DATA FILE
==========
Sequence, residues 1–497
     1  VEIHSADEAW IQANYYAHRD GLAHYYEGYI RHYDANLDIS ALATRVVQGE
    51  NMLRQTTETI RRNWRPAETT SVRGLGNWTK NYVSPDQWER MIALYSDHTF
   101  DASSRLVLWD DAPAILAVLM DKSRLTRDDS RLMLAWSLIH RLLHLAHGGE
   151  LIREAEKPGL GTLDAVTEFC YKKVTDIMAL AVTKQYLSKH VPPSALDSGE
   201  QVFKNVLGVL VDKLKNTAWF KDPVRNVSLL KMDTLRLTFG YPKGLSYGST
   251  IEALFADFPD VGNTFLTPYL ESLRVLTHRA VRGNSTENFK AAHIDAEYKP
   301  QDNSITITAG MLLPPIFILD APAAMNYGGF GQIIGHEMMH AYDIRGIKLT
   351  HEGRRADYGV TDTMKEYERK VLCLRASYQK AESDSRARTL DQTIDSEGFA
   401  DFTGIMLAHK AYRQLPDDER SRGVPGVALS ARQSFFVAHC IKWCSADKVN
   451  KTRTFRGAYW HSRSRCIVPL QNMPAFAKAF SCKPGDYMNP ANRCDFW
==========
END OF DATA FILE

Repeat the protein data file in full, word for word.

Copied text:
Sequence, residues 1–497
     1  VEIHSADEAW IQANYYAHRD GLAHYYEGYI RHYDANLDIS ALATRVVQGE
    51  NMLRQTTETI RRNWRPAETT SVRGLGNWTK NYVSPDQWER MIALYSDHTF
   101  DASSRLVLWD DAPAILAVLM DKSRLTRDDS RLMLAWSLIH RLLHLAHGGE
   151  LIREAEKPGL GTLDAVTEFC YKKVTDIMAL AVTKQYLSKH VPPSALDSGE
   201  QVFKNVLGVL VDKLKNTAWF KDPVRNVSLL KMDTLRLTFG YPKGLSYGST
   251  IEALFADFPD VGNTFLTPYL ESLRVLTHRA VRGNSTENFK AAHIDAEYKP
   301  QDNSITITAG MLLPPIFILD APAAMNYGGF GQIIGHEMMH AYDIRGIKLT
   351  HEGRRADYGV TDTMKEYERK VLCLRASYQK AESDSRARTL DQTIDSEGFA
   401  DFTGIMLAHK AYRQLPDDER SRGVPGVALS ARQSFFVAHC IKWCSADKVN
   451  KTRTFRGAYW HSRSRCIVPL QNMPAFAKAF SCKPGDYMNP ANRCDFW